Global Growth of the Biofuel Market 2020 – 2030

Biofuels no longer play a secondary role in the energy system.

Recent technological developments brought them to the forefront of the energy industry.

In about 10 to 15 years, they will complement fossil fuels in industrialized and emerging markets. 


In this post I would like to address the overall market potential of biofuels in the years to come. I will focus on the next 10 years, as I believe that it is harder to predict the market for just one year, and it is just as hard to predict where the market will be 10 – 20 years from now. We all make assumptions on what is now, and what is far in the future. This clouds our judgement on some occasions. But for a mid-range time period, we can make more accurate predictions where things are heading.

To illustrate, let us focus on each country, each major player in the biofuels sector. Different countries show different potentials for the development of their own biofuels sector. Overall, biofuels potential to world energy consumption cannot be overexaggerated. 


Biofuels can be generated from a wide variety of commodities. Each fuel has its own distinct advantages and disadvantages. But the most important aspect to consider is the exact location where biofuels are to be used, as well as latitude and water availability of the surrounding area. In Brazil – and – to a certain extend the United States biofuels can be generated from sugarcane. I have written an article on Brazil’s biofuels potential as a hotspot of sugarcane biofuels production and investment. In Brazil, sugarcane already covers a large swathes of land and it contributes significantly to overall transport fuel consumption.

Sugarcane is cut down and is transported by trucks to distillation facilities where the material is broken down biochemically and we are left with starch and the wooden shafts. This sugary liquid gives us ethanol. If you are exposed to the fermentation, you may get a bit tipsy standing next to the tanks. From time to time, workers will have to clean the tanks and you will have other tanks that you can use. Sugarcane consumes a lot of nutrients in its growth period. On the other hand, sugarcane is able to convert the sun’s energy into sugar. When it comes to converting the sun’s energy into sugar, sugarcane clearly tops the list of agricultural commodities.

Brazil’s main advantage is its location close to the equator as well as the amount of water that plants can be fed. Sugarcane can even be grown in the southern part of Brazil, which is a major plus because the majority of the population lives in the southern cone.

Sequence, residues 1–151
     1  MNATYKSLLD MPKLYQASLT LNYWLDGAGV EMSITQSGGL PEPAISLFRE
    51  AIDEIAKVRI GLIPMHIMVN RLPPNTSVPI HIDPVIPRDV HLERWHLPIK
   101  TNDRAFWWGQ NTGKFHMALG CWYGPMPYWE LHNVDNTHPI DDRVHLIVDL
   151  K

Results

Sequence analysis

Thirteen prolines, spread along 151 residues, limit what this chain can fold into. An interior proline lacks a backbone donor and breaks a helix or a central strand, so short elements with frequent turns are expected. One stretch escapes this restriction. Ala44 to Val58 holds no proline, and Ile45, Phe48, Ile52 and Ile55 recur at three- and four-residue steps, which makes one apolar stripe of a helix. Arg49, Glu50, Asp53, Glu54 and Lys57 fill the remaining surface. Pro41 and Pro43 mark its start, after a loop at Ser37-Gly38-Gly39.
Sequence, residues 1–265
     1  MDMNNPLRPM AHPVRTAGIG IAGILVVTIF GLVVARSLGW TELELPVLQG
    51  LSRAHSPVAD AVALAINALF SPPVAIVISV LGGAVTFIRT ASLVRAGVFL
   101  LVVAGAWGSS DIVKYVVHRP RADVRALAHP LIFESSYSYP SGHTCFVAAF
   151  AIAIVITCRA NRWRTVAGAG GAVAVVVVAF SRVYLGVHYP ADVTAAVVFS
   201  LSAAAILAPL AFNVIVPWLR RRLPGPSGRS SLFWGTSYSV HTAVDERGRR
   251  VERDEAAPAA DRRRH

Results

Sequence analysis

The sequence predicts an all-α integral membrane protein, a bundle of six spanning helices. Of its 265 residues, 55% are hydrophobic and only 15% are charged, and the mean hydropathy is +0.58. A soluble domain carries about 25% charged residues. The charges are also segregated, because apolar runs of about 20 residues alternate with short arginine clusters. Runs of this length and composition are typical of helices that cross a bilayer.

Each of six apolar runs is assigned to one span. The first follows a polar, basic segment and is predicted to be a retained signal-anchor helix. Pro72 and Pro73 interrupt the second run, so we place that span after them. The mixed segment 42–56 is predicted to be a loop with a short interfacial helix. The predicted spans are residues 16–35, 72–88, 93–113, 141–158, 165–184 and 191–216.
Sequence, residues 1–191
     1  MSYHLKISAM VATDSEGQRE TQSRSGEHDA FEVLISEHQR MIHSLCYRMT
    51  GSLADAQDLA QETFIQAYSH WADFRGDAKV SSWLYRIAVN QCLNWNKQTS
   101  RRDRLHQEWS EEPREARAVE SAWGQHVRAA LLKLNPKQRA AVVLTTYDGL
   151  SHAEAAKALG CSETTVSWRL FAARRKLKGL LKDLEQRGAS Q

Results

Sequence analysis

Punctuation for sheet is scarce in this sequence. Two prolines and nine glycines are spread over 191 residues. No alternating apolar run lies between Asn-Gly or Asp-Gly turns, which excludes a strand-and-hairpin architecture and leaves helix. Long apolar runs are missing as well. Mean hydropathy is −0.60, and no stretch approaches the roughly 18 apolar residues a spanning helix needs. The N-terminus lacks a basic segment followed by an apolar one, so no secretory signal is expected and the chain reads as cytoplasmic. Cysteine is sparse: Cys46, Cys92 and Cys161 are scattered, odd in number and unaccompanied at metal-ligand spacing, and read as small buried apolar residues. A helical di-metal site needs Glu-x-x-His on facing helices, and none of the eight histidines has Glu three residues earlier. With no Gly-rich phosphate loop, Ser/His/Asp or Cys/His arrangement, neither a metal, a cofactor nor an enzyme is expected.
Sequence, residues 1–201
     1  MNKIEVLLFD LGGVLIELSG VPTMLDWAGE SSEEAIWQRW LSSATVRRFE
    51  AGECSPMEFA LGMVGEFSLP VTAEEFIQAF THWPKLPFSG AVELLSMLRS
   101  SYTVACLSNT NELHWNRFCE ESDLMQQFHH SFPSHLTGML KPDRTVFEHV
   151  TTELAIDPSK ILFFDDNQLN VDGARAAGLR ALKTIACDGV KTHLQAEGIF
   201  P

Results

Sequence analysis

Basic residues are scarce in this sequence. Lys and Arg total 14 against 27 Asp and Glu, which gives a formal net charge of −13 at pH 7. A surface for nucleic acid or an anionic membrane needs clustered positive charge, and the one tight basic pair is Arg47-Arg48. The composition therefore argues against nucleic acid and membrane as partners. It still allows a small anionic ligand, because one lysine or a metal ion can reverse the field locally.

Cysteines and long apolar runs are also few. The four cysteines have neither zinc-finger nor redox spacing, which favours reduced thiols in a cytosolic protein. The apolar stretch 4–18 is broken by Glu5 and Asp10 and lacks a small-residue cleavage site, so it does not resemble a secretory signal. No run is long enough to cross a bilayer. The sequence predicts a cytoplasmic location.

But transport is the big issue in Brazil: It costs a lot of money to transport sugarcane to the distillation plant which is often at a considerable distance. In terms of EROI (energy return-on-energy-invested) Brazilian sugarcane is not that high. Transport reduces the energy potential of sugarcane. Another problem is the road network in Brazil. The small roads snail along the hilly mountain ranges in the southeastern part of the country. That makes it more difficult to transport sugarcane. So Brazil’s infrastructure plays a role in all of this. If you want to learn more about Brazil’s energy policy in general, I have written an article on this.

Brazil’s overall land area is considerable. Although it must be said that the rainforest has been decimated by wildfires in the Amazon. A lot of the fires have happened along the southern edges of the Amazon rainforest, which is the area where land has been cleared for farming. The dryness is an issue, and 2,000 mm of water to mature fully, it leaves some doubt how sensible it would be to expand Brazil’s sugarcane industry.


In the last years, the United States has focused primarily on biofuels production from sugarcane. Some of the U.S.’s states have been pushing for more sugarcane, as sugarcane promises some lucrative business opportunities for farmers. The United States has great potential for biofuels made from sugarcane. But that potential mainly exists in the southern U.S. The further you go up, the harder it gets to grow sugarcane while still making a decent profit.

Various studies have been done on this subject matter and they came to the conclusion that in the United States, sugarcane competes with other agricultural crops such as wheat and corn that are used for human and animal consumption. So there are competing needs. With the continued growth of the shale oil and shale gas industry, there is less of a need now to switch to sugarcane production and biofuels. Assuming that the shale oil and shale gas industry will decline in the coming years, there will likely be a resurgence of interest in biofuels more generally and algae and sugarcane production more specifically.